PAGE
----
(rgs-CaM) - A Method to Manipulate Gene Silencing in Plants


Reference #:  00212

The University of South Carolina is offering licensing opportunities for this technology

Invention Description:

The subject invention defines the rgs-CaM sequence and resulting gene product sequence. rgs-CaM inhibits cosuppression thereby allowing an increase in expression of target genes.  It is also possible however to use rgs-CaM to enhance the suppression pathway and stabilize the silenced version which is beneficial to prevent the production of undesirable gene products. 


Like prior inventions by the same inventor (ID#126 and 211), this technique enables the researcher to manipulate the plants’ immune system in order to produce gene products with increased speed, efficiency, and quantity.  Target genes of interest include those encoding agronomic (pertaining to field-crop production and soil management) traits, insect resistance, sterility, grain characteristics, and the like.  The genes may be involved in metabolism of oil, starch, carbohydrates, nutrients, etc.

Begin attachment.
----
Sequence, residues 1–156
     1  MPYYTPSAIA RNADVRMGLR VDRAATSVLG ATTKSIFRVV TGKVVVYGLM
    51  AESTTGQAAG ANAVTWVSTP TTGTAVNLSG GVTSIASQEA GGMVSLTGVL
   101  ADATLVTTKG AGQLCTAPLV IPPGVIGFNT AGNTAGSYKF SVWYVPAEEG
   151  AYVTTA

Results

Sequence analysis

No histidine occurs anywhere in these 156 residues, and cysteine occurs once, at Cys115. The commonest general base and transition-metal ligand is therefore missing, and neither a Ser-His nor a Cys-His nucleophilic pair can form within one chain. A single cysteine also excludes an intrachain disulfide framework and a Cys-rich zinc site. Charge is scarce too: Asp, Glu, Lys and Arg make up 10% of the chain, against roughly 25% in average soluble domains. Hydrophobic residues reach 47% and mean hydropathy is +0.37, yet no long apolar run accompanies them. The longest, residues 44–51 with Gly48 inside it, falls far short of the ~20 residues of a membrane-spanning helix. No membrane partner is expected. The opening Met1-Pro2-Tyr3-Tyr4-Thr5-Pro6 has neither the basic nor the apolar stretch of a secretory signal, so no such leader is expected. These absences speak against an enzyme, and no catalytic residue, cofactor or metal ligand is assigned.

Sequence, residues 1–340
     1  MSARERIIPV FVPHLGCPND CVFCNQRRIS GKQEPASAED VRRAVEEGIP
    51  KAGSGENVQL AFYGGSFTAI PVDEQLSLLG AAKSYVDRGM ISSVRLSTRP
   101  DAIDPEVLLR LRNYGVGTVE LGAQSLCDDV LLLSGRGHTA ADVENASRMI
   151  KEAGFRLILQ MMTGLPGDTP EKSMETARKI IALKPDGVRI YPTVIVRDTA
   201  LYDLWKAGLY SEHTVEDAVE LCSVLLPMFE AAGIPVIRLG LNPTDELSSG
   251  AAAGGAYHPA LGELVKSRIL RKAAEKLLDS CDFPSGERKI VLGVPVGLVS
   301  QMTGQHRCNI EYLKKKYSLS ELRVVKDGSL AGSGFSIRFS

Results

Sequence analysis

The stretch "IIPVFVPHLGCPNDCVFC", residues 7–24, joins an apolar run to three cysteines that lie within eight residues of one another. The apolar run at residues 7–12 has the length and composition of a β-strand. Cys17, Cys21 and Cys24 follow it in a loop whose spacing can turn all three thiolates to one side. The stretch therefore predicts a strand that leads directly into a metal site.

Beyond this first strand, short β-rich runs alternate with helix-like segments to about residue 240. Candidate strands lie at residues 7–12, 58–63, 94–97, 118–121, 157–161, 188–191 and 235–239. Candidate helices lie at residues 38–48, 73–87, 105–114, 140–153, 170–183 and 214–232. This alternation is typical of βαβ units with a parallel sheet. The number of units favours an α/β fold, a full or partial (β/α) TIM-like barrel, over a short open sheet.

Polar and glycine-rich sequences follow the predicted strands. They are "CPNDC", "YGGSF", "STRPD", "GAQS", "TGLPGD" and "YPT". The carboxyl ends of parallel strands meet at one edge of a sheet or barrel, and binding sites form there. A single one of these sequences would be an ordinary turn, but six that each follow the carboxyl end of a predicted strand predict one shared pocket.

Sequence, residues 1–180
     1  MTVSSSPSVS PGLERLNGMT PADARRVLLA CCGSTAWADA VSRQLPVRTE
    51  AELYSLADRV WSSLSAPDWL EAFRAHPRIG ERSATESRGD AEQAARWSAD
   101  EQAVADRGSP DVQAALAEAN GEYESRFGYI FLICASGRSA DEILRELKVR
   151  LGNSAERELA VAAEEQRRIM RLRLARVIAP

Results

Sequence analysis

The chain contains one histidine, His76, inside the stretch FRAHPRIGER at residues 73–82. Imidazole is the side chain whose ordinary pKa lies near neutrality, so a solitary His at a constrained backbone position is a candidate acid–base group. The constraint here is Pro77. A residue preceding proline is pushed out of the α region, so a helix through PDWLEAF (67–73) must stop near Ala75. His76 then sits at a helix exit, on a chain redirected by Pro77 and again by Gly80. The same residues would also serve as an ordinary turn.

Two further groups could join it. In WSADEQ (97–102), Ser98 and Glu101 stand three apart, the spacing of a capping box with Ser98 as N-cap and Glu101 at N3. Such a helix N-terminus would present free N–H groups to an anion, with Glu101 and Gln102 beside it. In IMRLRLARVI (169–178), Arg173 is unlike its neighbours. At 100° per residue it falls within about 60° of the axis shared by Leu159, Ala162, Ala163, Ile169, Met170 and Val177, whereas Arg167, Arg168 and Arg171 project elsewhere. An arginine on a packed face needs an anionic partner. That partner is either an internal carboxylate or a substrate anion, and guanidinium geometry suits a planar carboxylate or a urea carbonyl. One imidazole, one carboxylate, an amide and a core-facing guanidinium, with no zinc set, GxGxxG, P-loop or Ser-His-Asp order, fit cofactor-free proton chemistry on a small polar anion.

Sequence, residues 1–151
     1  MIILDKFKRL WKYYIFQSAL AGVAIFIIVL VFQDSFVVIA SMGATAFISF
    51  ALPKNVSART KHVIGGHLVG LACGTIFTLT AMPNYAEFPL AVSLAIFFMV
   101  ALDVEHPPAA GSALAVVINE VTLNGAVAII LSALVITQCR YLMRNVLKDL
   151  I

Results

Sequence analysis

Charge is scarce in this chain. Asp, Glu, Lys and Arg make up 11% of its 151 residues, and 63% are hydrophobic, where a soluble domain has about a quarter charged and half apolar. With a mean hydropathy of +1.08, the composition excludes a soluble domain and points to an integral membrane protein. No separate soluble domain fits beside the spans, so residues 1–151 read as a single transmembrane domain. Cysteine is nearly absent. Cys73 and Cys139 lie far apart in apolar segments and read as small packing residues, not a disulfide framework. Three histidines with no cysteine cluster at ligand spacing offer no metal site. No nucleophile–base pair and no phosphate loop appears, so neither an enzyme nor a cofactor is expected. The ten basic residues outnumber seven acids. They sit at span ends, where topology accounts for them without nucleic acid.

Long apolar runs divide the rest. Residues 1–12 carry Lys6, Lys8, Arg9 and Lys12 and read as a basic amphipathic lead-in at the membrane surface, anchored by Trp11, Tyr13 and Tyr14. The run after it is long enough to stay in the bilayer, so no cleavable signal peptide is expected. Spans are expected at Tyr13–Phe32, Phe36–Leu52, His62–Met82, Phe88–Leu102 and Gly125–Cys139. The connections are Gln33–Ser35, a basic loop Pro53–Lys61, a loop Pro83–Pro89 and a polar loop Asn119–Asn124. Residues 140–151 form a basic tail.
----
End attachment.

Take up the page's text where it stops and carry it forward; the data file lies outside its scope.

Potential Applications:

The methods can be used to produce peptides or proteins that cannot effectively be expressed in mammalian systems because the protein interferes with cell viability, cell proliferation, cellular differentiation, or protein assembly in mammalian cells.  Such proteins include but are not limited to retinoblastoma protein, p53, angiostatin and leptin.  Proteins, hormones, growth factors, cytokines, insulin, growth hormone, interferon, serum albumin, hemoglobin, collagen, et al. could be produced. When used to maintain suppression, the degree of reduction may be partial or total reduction in production of the encoded gene product.  In summary, the technique could be used to suppress any undesirable protein product.


Advantages and Benefits:

Generally, expression of the target sequence (gene of interest) is increased at least about 25-50%, preferably about 50-100%, more preferably about 100% - 200% and greater without any observable (to the naked eye) negative effects on the plant.

Patent Information:
For Information, Contact:
Technology Commercialization
University of South Carolina
Vicki Vance
© 2024. All Rights Reserved. Powered by Inteum